Thursday, January 27, 2011

A Heavenly Ascension

This is a review I wrote last fall for a certain British publication and apparently forgot to submit at all.  Oops.

It's a track that I've been thinking about lately, completely bewitching, beautiful, perfect.  The kind of thing you can't imagine a person making, the kind of thing that must have come into existence on its own.  It's not about to kick off its own scene or tangent within electronic music or anything, but it's a wonderful tune that stands alone, unafraid of generic limitations or fitting into scenes. It's the second release on Raffertie's intriguing Super Records, a label that seems caught somewhere between colourful tech house and the new wave of UK house producers coming out of dubstep, and probably the best thing to come out of the label so far.  Stream and review of the single after the jump.

Taylor's "CMB" on Super

"Some of the best of the recent wave of UK bass music has surfaced in the grey areas between genres. As dubstep, garage, house and grime crossbreed, the deformed demon spawn provides some of its most puzzling and exciting moments.  Raffertie’s new label Super seems to be most interested in these unclaimed lands, debuting the label with a mystifying bit of detail-oriented, mnml-tinged 130bpm house.  Mr. Stefanski continues apace with the beautiful “CMB” from Wigflex associate Taylor, which maps out a delicate ascent over seven minutes.  Stargazing from its very first seconds, gentle drums and padded bass fiddle quietly as a melody begins to form itself out of what sounds like a pipe organ: think Pantha Du Prince gone regal (Pantha Du King?).  The melody picks up steam until it explodes in luminescent royal blue streaks across the sky, leaving barely noticeable trails of silky reverb as it passes: forget dancing to it, it’s a gorgeous piece of music to stand awestruck and just admire.  It’s more limber and less fussy than Raffertie’s own recent work (who provides a thusly fussy remix on the EP), but it fits right in with what the label seems intent on establishing as its signature sound. “CMB” is too straightforward to be dubstep, too syncopated to fit in with strait-laced house, and not syncopated enough to sit comfortably alongside garage. Maybe this is that supposed new 130 genre Martin Clark has been talking up lately. "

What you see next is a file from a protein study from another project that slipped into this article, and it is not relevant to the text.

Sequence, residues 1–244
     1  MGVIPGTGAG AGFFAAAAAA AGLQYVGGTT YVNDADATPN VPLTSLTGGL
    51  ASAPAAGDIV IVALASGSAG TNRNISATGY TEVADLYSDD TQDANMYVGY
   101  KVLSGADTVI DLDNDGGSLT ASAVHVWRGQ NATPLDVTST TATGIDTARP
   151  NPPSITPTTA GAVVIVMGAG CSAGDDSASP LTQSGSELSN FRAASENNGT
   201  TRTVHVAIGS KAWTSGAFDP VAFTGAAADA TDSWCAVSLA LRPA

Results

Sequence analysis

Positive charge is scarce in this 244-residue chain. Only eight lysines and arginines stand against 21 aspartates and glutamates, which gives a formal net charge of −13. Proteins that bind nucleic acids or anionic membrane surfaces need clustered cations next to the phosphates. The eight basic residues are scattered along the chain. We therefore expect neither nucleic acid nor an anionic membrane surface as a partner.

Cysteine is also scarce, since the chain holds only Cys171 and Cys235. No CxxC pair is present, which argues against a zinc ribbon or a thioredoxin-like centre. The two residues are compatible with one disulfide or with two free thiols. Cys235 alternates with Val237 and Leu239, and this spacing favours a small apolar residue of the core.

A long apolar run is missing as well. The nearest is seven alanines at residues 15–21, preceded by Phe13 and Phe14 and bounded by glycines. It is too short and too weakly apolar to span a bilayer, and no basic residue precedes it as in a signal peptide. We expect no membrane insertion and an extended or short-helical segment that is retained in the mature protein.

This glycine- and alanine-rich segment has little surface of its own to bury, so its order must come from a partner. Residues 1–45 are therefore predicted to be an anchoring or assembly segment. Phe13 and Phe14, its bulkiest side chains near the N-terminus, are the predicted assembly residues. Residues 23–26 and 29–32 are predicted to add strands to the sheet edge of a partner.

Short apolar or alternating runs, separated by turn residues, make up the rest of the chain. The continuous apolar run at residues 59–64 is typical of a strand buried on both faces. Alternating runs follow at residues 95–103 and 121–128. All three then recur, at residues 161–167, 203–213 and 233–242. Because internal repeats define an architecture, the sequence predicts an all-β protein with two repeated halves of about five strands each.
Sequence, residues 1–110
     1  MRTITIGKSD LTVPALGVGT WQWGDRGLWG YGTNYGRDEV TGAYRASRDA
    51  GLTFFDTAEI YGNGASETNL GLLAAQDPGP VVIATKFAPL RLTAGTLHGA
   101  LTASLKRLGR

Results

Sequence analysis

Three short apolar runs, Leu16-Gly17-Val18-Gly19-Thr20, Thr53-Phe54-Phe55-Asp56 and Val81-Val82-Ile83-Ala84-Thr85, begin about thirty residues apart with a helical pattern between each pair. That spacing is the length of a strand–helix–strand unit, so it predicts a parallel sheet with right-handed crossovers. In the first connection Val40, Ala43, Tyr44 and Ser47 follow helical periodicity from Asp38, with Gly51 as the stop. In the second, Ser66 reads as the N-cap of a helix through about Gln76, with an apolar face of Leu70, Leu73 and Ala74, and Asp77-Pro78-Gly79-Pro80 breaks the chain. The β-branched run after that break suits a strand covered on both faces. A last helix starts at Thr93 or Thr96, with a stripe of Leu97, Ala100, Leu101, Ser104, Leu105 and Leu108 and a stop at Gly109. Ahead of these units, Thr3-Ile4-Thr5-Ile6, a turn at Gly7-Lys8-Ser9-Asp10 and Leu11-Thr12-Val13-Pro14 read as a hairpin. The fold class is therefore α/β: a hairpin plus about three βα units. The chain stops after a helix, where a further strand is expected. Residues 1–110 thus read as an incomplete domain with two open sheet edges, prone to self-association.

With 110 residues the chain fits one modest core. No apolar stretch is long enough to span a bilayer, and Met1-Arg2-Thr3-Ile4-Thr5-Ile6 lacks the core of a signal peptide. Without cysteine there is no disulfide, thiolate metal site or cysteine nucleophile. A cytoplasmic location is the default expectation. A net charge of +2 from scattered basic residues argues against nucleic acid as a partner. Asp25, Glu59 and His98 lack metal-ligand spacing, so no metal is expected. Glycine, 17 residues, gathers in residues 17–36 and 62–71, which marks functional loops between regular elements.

Yeah, it's good.  The single also comes with remixes from Girl Unit (definitely worth checking out), Raffertie, and Rekordah, and you can preview them and buy it at Boomkat:

1 comment:

  1. Great review. Combined with the remixes, this is easily one of my favorite releases in the past year. I enjoy all the tracks almost equally which is rare.